Stack Overflow is a community of 4.7 million programmers, just like you, helping each other.

Join them; it only takes a minute:

Sign up
Join the Stack Overflow community to:
  1. Ask programming questions
  2. Answer and help your peers
  3. Get recognized for your expertise

I was asked in an interview:

What is the best time complexity in getting the min element(s) from a max heap.

I replied as O(1) assuming the heap size is known and the heap is implemented as a binary heap using an array. This way as per my assumption, the min value is at `heapArray[heapSize].

My question is that if this answer is correct. If not what is the correct answer ?

share|improve this question
up vote 16 down vote accepted

My question is that if this answer is correct.

No, that's not correct. The only guarantee you have, is that each node contains the maximum element of the subtree below it. In other words, the minimum element can be any leaf in the tree.

If not what is the correct answer?

The correct answer is O(n). In each step you need traverse both left and right sub-trees in order to search for the minimum element. In effect, this means that you need to traverse all elements to find the minimum.

share|improve this answer
Btw, this diagram has the property that each left-child is greater than its right-sibling. That's also not a necessary property of a binary heap. – Steve Jessop Jul 25 '12 at 8:01
That's right. Such property still doesn't help in finding the minimum though. – aioobe Jul 25 '12 at 8:10
Couldn't we also just look at the last ceil(n/2) elements of the array. It is still O(n). – Guru Devanla Jul 25 '12 at 16:00
@GuruDevanla It sounds like the question does not specify an implementation. Making assumptions about the implementation would/should not be valid, I would think. – Sahuagin Aug 19 '14 at 0:59

Best complexity is O(n). Sketch proof:

  • The minimum element could be absolutely any of the lowest-level nodes (in fact it could even not be at the lowest level, but let's start with these).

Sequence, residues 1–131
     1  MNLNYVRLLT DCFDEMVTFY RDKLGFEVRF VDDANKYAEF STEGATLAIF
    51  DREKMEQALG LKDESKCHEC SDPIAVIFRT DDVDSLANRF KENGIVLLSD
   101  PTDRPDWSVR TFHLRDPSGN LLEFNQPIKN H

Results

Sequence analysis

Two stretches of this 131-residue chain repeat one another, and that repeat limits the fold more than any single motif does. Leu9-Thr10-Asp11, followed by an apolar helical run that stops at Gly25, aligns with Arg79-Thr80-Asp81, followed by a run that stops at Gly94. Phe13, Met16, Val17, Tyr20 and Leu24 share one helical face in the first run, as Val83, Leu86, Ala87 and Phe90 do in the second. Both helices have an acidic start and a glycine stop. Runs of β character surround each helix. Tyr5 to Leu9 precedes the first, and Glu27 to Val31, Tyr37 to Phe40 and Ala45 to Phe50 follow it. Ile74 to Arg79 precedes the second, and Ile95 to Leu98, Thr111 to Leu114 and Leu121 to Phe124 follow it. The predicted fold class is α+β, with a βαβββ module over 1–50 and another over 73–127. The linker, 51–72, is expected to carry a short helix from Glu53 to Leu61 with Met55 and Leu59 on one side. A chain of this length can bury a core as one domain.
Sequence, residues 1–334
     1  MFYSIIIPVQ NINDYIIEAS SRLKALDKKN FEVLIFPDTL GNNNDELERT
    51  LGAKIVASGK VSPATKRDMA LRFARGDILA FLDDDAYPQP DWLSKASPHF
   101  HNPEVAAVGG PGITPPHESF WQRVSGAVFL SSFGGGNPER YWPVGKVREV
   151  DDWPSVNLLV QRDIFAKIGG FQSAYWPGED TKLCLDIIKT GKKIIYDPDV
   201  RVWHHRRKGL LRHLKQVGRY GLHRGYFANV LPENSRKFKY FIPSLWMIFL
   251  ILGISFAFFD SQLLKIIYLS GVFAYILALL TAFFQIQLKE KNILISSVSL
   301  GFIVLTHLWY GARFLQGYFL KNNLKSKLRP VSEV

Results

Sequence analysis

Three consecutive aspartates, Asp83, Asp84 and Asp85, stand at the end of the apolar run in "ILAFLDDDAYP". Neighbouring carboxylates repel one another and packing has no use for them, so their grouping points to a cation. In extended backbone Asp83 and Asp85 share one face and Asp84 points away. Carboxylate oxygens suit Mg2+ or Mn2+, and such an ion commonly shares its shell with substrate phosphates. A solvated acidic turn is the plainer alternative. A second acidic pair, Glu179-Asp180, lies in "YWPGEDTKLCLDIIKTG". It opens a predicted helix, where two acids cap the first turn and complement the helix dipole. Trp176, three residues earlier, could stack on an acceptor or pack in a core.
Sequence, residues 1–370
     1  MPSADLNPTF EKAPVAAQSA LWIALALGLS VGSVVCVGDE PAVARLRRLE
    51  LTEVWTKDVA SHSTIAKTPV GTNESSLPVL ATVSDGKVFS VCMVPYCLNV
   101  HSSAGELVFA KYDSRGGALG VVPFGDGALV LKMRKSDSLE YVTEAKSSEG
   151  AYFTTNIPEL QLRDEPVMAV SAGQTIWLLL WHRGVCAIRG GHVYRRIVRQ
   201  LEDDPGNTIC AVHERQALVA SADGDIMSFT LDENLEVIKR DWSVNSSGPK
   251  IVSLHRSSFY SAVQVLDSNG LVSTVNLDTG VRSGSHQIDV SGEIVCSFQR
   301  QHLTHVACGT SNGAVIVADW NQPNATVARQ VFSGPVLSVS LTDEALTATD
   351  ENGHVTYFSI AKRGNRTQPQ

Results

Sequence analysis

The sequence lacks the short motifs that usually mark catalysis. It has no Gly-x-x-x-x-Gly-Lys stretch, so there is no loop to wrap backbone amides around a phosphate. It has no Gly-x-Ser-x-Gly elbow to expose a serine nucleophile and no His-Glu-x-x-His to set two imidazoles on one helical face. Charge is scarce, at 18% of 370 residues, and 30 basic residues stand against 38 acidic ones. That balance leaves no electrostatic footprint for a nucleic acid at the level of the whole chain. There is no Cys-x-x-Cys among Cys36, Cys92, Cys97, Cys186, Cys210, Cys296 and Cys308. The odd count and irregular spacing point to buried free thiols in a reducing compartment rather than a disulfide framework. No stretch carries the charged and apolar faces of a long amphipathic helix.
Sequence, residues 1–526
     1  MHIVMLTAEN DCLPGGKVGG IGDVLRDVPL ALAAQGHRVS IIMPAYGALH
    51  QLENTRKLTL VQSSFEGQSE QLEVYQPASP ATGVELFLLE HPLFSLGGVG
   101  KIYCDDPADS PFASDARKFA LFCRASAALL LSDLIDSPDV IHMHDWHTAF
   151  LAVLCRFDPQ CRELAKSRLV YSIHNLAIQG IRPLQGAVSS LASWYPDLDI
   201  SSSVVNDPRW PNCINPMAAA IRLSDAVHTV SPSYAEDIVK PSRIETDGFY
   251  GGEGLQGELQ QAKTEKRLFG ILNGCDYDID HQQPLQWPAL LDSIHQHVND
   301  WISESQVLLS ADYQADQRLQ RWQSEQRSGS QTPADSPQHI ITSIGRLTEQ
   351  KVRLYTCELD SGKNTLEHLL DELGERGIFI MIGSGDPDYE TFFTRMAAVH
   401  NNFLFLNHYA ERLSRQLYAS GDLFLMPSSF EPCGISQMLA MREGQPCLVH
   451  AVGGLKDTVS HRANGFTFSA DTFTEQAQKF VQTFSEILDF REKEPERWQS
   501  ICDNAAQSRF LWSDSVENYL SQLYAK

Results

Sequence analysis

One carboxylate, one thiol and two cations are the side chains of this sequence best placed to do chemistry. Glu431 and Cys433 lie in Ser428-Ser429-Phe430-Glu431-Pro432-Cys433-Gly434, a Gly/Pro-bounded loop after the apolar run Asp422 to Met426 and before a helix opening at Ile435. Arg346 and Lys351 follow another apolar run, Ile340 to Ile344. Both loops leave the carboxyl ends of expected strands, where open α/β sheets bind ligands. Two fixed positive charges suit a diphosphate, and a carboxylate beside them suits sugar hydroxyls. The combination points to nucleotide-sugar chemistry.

• There could be up to n/2 lowest-level nodes.
  • All of them need to be examined, because the one you're looking for might be in the last place you look. Examining all-but-1 of them doesn't tell you whether the last one is the minimum or not.
  • Hence Omega(n) examinations required.

The bound is tight, since clearly we can do it in O(n) by ignoring the fact that our array happens to be a heap.

Moral: it's probably called a heap because (as with the heap of clothes on your bedroom floor) it's easy to get at the top and difficult to get at the rest.

share|improve this answer
+1. But I would simply say, "could be any of the leaf nodes". – aioobe Jul 25 '12 at 8:16
@aioobe: that would probably be better, since I'm pretty sure there are guaranteed to be at least n/2 leaf nodes, which makes the Omega-bound more obvious. – Steve Jessop Jul 25 '12 at 9:09
"in fact it could even not be at the lowest level" -- What would be an example where the min element is not at the lowest level? – Mansoor Siddiqui Jul 25 '12 at 20:56
@Mansoor: The max-heap property is that every child is smaller than its parent. Nothing about siblings. So consider a heap with "10" at the root. It has two children "1" and "9". The "9" has two children "8" and "7". Then the smallest value is not at the lowest level (although necessarily it is a leaf node). – Steve Jessop Jul 26 '12 at 8:36
Ah, of course. Thanks for the clarification! :) – Mansoor Siddiqui Jul 26 '12 at 12:34

Min element from Max heap :

  1. search at last level = O(n/2)= O(n)

  2. replace searched element with last element and decrease heap size by 1 = O(1)

  3. Apply Maxheapify on replaced element = O(log n)

Total Time = O(n)+O(1)+O(log n) = O(n)

share|improve this answer

Your Answer


By posting your answer, you agree to the privacy policy and terms of service.

Not the answer you're looking for? Browse other questions tagged or ask your own question.